Article Samples Home > Free Articles > Article Samples > Why Head to Toe Pain From the Skin Tissue to the Brain It all signals pain! How can you hurt from heat to toe? Research shows the pain control system in the skin, spinal cord, and brain of fibromyalgia patients is overloaded, offering a reason for why you ache all over. In particular, immune cells that generally do not cause pain, contribute to the flu-like fibro symptoms that make your whole body hurt. Nerve Fibers in Skin Alterations in the way the central nervous system (brain and spinal cord) works are believed to be a major cause of your fibromyalgia pain, but researchers are finding that’s not the only source. The immune cells surrounding the nerve endings in your skin appear to be contributing to your pain as well. Seong-Ho Kim, M.D. and colleagues in South Korea took tiny biopsies of the skin tissue from a group of fibromyalgia patients and compared them to healthy controls.1 They found that most of the fibromyalgia patients, but none of the controls, showed enlarged or ballooned Schwann cells. These cells, which look like a string of sausage links, encase the nerve fibers that connect your spinal cord to peripheral tissues like your skin and muscles. These fibers relay information from your tissues to your spinal cord, and vice versa. Under normal situations, Schwann cells provide nutritional support and protection for nerves. But since they are part of your immune system, they are always surveying the nearby environment to make sure nothing happens to threaten or harm your nerves. Enlarged Schwann cells are in an activated state, usually triggered by infections and tissue injury. When activated, these cells pump out pain-causing chemicals to prompt your immune system to clean up debris and help repair damaged tissues. But in people with fibromyalgia, something unusual happens. Although the Schwann cells are enlarged, there are no obvious signs of tissue injury in fibromyalgia patients’ skin. But everything is not normal. When their skin is examined under an electron microscope, the pain-producing chemicals secreted by the immune cells are present in high concentrations.2 These chemicals, called cytokines, activate nearby nerve endings and make the skin hurt. Cytokines are also elevated in the blood and can cause flu-like achiness everywhere. Faulty Pain Filter In order for you to actually feel pain, transmissions from your skin, muscles and other tissues has to reach a level of consciousness in your brain. Otherwise, all sensations, including light touch, would hurt. That’s where your spinal cord comes in handy. The cord’s role is to filter out the less serious nerve signals traveling from your tissues to your brain and from your brain out to your tissues. In essence, your spinal cord works like a pain filter, but studies show it’s doing a poor job in fibromyalgia patients. Kim’s team suspects that fibro patients have too many signals are traveling down through the cord to the tiny nerves in the skin, causing the fibers to become overstimulated. The Schwann cells attempt to keep pace by clearing out the waste products and debris, while providing nutrients to the overworked nerve fibers. In the process, they become enlarged. How do ballooned Schwann cells impact your pain? They secrete pain-promoting cytokines that irritate nearby nerve fibers. The irritated nerve fibers in the skin then start relaying signals back to your spinal cord, saying, “Ouch … help me out!” But the cord fails to filter the signals and the brain shoots more transmissions back to the tissues. This process leaves you with painful skin, even though it looks normal. The same situation likely occurs in your muscles to make them ache. Spinal Cord Opioids When experiencing fibro pain, you would think the neurons in your spinal cord and brain would release lots of pain-killers to get your symptoms under control. Operating under this assumption, James Baraniuk, M.D., of Georgetown University, and Daniel Clauw, M.D., of the University of Michigan in Ann Arbor, measured the spinal fluid level of naturally produced opioid-like endorphins called enkephalins. They compared a fibro group to chronic low back pain patients (regional pain) and healthy pain-free controls.3 The concentration of enkephalins in the fibromyalgia group was almost fourfold greater than the controls, but pain alone was not the reason for this difference. The enkephalin levels were nowhere near as high as in the chronic back pain patients. This means a fibro patient’s spinal cord is pouring out natural pain-killers (e.g., enkephalins) in a valid attempt to contain the pain, but given its widespread nature, that’s just not enough. Opioid Receptors in Brain You may wonder if the high concentration of enkephalins in the spinal fluid (which bathes the brain) are not properly activating the pain-relieving centers in your brain. After all, given the high concentrations of spinal opioids, you should not be feeling any pain whatsoever. Clauw’s team measured the number of receptor sites in the brain that opioid-like substances target to put out the pain. He compared a group of fibromyalgia patients to a group of healthy controls using brain imaging.4 The opioid receptors in the brain were almost completely occupied in the fibromyalgia patients, particularly in the areas known to regulate pain. So the higher amount of enkephalins (opioid-like substances) in the spinal fluid appear to be properly working on the brain’s receptors to control your pain. So Why Do You Hurt? If you are producing plenty of opioid-like enkephalins and they are activating the pain-relieving receptors in your brain, why do you still hurt all over? Researchers don’t know all the details, but the foregoing findings offer some important clues. Studies show the skin is a source of continuous pain transmissions traveling to your spinal cord. The cytokines produced by enlarged Schwann cells cause local irritation, which would be expected for injuries or infections, but there is no evidence of destroyed tissue in fibro. Yet cytokines continue to be produced for unclear reasons, causing your flu-like achiness. Substantial elevations of the opioid-like enkephalins in your spinal fluid could be doing more than trying to provide analgesia. They might also be activating the immune cells in your spinal cord to produce pain-promoting cytokines, and one study indicates this is the case.5 Your body is trying to put out your pain by producing large amounts of opioid-like endorphins (e.g., enkephalins). But opioids don’t just relieve pain, they also activate immune cells to release cytokines to help heal injuries (usually a temporary process). Despite there being no tissue destruction in fibro, your immune system seems to think there is. This means your body’s attempts to ease discomfort backfires (e.g., the pain-promoting cytokines win out over the opioids), leading to more rather than less pain. Curious about other symptoms caused by pain-promoting cytokines and your treatment options? The topic was covered in the Summer 2012 issue of the Fibromyalgia Network Journal. Get more with Membership. Learn about Member benefits. 1. Kim SH, et al. Clin Rheumatol 27:407-11, 2008. 2. Salemi S, et al. J Rheumatol 30:146-50, 2003. 3. Baraniuk JN, et al. BMC Musculoskel Dis 5:48-54, 2004. 4. Harris RE, et al. J Neurosci 27:1000-6, 2007. 5. Kadetoff D, et al. J Neuroimmunol 242(1-2):33-8, 2012.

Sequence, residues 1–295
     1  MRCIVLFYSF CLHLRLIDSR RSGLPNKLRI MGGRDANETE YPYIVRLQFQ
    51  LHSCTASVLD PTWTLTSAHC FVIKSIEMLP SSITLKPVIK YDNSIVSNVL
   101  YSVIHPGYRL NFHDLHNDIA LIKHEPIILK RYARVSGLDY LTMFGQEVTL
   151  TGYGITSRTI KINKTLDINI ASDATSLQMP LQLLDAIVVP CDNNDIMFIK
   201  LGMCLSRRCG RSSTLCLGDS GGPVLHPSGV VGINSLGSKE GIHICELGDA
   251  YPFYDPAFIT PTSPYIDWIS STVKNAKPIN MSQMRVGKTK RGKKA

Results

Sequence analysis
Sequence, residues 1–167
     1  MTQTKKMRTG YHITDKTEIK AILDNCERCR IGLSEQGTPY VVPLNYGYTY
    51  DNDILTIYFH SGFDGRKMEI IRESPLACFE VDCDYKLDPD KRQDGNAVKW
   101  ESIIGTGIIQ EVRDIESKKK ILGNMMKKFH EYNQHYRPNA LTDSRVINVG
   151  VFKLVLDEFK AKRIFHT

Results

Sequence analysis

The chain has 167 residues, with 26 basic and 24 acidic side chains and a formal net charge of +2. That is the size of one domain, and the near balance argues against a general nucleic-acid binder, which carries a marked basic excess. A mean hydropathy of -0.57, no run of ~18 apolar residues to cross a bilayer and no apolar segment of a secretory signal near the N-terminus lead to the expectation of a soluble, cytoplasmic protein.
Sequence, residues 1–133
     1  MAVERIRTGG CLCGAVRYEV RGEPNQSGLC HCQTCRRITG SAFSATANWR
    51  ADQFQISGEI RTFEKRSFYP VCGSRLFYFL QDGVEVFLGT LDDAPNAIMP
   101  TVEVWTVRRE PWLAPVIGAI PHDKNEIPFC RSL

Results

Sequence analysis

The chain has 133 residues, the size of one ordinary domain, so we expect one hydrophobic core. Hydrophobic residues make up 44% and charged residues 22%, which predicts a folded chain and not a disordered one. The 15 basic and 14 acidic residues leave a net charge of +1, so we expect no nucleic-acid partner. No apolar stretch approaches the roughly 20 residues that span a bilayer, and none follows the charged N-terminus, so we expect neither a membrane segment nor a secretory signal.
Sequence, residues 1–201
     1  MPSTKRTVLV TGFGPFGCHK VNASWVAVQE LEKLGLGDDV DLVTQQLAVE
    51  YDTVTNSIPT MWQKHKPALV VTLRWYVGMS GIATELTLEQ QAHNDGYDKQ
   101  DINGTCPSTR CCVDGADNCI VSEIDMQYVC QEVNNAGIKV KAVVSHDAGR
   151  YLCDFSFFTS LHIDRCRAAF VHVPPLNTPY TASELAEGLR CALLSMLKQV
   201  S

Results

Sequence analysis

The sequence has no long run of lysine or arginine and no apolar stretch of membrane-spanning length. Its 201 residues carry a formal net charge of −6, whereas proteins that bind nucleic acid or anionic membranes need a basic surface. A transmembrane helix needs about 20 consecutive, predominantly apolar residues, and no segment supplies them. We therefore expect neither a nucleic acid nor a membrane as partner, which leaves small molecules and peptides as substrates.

Friday, September 7, 2012